The earth, as a rule, is mythically averred to have grown out of
some original matter, perhaps an animal, perhaps an egg which
floated on the waters, perhaps a handful of mud from below the
waters. But this conception does not exclude the idea that many of
the things in the world, minerals, plants and what not, are
fragments of the frame of a semi-supernatural and gigantic being,
human or bestial, belonging to a race which preceded the advent of
man.[1] Such were the Titans, demi-gods, Nurrumbunguttias in
Australia. Various members of this race are found active in myths
of the creation, or rather the construction, of man and of the
world. Among the lowest races it is to be noted that mythical
animals of supernatural power often take the place of beings like
the Finnish Wainamoinen, the Greek Prometheus, the Zulu
Unkulunkulu, the Red Indian Manabozho, himself usually a great

[1] Macrobius, Saturnal., i. xx.

The ages before the development or creation of man are filled up,
in the myths, with the loves and wars of supernatural people. The
appearance of man is explained in three or four contradictory ways,
each of which is represented in the various myths of most
mythologies. Often man is fashioned out of clay, or stone, or
other materials, by a Maker of all things, sometimes half-human or
bestial, but also half-divine. Sometimes the first man rises out
of the earth, and is himself confused with the Creator, a theory
perhaps illustrated by the Zulu myth of Unkulunkulu, "The Old, Old
One". Sometimes man arrives ready made, with most of the animals,
from his former home in a hole in the ground, and he furnishes the
world for himself with stars, sun, moon and everything else he
needs. Again, there are many myths which declare that man was
evolved out of one or other of the lower animals. This myth is
usually employed by tribesmen to explain the origin of their own
peculiar stock of kindred. Once more, man is taken to be the fruit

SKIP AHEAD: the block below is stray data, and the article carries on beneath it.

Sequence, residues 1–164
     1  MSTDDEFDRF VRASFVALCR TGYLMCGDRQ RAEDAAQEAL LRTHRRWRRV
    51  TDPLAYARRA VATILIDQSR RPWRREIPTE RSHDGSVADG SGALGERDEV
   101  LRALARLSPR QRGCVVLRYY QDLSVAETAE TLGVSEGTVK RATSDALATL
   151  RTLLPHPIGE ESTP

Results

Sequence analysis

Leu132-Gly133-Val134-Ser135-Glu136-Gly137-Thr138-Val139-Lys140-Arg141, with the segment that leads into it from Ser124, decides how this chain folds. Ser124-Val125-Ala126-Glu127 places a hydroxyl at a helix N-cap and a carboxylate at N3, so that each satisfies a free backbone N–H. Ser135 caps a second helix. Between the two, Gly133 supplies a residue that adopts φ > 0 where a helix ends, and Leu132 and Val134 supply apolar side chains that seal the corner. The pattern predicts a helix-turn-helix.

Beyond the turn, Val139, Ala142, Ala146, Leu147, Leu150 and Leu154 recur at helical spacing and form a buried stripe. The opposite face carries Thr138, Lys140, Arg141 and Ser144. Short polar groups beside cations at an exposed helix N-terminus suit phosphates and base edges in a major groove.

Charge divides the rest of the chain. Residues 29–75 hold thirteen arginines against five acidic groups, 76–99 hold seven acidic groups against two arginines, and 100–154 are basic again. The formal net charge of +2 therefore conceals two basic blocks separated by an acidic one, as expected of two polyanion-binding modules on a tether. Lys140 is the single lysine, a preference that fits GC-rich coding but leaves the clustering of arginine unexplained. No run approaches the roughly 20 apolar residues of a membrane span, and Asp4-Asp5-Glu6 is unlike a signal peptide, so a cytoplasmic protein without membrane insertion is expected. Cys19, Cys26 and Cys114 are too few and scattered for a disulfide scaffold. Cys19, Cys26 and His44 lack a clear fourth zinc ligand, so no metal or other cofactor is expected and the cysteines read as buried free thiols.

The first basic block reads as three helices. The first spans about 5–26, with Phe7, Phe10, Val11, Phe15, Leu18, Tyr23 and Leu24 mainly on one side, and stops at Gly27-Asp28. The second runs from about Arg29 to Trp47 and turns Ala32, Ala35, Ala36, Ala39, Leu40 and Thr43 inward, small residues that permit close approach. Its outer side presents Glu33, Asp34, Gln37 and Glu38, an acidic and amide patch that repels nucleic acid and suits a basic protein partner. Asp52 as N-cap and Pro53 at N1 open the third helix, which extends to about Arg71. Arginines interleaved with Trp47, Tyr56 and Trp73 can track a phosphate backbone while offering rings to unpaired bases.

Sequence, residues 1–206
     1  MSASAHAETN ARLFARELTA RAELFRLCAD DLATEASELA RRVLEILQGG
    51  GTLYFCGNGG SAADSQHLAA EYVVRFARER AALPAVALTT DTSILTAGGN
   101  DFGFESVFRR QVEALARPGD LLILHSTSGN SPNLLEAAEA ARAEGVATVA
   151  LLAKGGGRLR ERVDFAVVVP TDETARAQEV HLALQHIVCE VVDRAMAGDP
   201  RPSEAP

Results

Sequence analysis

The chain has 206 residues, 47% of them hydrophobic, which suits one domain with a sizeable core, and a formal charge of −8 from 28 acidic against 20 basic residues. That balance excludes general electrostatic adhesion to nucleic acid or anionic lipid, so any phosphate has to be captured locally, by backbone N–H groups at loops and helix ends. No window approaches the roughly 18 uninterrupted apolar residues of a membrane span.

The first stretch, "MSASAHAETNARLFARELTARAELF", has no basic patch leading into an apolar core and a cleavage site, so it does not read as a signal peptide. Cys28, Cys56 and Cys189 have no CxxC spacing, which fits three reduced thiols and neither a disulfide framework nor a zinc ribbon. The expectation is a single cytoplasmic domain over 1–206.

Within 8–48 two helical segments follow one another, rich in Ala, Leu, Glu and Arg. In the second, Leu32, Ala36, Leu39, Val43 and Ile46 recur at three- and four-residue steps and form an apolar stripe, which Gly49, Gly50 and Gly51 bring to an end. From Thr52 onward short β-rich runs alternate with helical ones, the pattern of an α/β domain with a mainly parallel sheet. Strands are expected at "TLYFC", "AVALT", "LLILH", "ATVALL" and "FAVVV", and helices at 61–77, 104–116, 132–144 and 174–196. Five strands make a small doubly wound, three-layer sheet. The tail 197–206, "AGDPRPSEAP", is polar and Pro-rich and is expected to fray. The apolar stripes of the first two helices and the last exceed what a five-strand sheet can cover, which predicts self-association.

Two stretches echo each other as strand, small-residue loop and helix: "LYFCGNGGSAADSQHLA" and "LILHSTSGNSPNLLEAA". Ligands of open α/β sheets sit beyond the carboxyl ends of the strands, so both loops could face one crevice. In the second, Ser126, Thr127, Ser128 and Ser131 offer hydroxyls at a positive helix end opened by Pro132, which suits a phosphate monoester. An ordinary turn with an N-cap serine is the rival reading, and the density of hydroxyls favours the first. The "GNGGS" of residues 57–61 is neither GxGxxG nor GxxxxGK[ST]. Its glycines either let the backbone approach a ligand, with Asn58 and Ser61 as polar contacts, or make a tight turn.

of some tree or plant, or not to have emerged ready-made, but to
have grown out of the ground like a plant or a tree. In some
countries, as among the Bechuanas, the Boeotians, and the
Peruvians, the spot where men first came out on earth is known to
be some neighbouring marsh or cave. Lastly, man is occasionally
represented as having been framed out of a piece of the body of the
Creator, or made by some demiurgic potter out of clay. All these
legends are told by savages, with no sense of their inconsistency.
There is no single orthodoxy on the matter, and we shall see that
all these theories coexist pell-mell among the mythological
traditions of civilised races. In almost every mythology, too, the
whole theory of the origin of man is crossed by the tradition of a
Deluge, or some other great destruction, followed by revival or
reconstruction of the species, a tale by no means necessarily of
Biblical origin.

In examining savage myths of the origin of man and of the world, we
shall begin by considering those current among the most backward
peoples, where no hereditary or endowed priesthood has elaborated
and improved the popular beliefs. The natives of Australia furnish
us with myths of a purely popular type, the property, not of
professional priests and poets, but of all the old men and full-
grown warriors of the country. Here, as everywhere else, the
student must be on his guard against accepting myths which are
disguised forms of missionary teaching.[1]

[1] Taplin, The Narrinyeri. "He must also beware of supposing that
the Australians believe in a creator in our sense, because the
Narrinyeri, for example, say that Nurundere 'made everything'.
Nurundere is but an idealised wizard and hunter, with a rival of
his species." This occurs in the first edition, but "making all
things" is one idea, wizardry is another.